Most digital calendar programs let you create multiple "calendars", but instead of just separating your calendars by work, personal or subject, Francis Wade over at productivity blog Stepcase Lifehack recommends separating them in terms of the type of time they demand from you.
What this means that instead of separating them by subject -- which can be helpful, but creates a cluttered, imprecise calendar -- you separate them by whether they're busy time, deadlines or free time. Wade recommends five different views:
- A Default calendar, that shows all your repeating appointments or activities. This is what your schedule looks like on a day to day basis, from sleeping to eating to exercising.
- A "hard appointments" calendar, which denotes appointments that require you to be somewhere at a specific time (but that aren't regular). Dentist appointments, special meetings, and other one-off events that require your presence.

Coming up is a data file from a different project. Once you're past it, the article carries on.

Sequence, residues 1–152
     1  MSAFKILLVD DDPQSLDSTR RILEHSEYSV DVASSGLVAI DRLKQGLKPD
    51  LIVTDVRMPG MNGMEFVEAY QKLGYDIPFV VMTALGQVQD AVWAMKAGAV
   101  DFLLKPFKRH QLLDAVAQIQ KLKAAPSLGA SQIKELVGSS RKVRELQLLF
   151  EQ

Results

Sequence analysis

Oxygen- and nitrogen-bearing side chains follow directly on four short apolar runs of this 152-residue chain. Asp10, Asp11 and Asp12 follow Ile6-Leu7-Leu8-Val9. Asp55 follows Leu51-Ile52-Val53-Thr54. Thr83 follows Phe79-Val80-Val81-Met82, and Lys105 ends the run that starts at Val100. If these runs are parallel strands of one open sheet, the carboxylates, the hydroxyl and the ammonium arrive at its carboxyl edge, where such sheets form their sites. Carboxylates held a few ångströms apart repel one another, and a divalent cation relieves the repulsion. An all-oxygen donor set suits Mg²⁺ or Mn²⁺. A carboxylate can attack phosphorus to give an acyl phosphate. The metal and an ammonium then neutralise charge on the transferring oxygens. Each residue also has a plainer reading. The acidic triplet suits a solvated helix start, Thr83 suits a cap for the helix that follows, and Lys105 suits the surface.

- A "deadline" calendar, which are due dates rather than time spent elsewhere. This calendar is more like a to-do list, showing what you have coming up rather than where you need to be at a specific time.
- A "blank time" view, which is "free" time specifically plotted out for unexpected events, catching up on unfinished work, or otherwise planning for things that come up at the last minute.
- An "activity" view, which is time spent mostly on reviewing your tasks, managing your calendars, and otherwise dealing with the administration of your calendars and to-do lists.
You could, of course, have even more than that. Wade goes into much more detail over at Stepcase Lifehack, so I highly recommend you check out the article for the full details. It seems like a much more efficient way to calendar all your time in a way that informs without distracting, rather than throwing all your calendars on the same view at once.
Upgrade Your GTD Calendar and Keep Up with the Times [Stepcase Lifehack]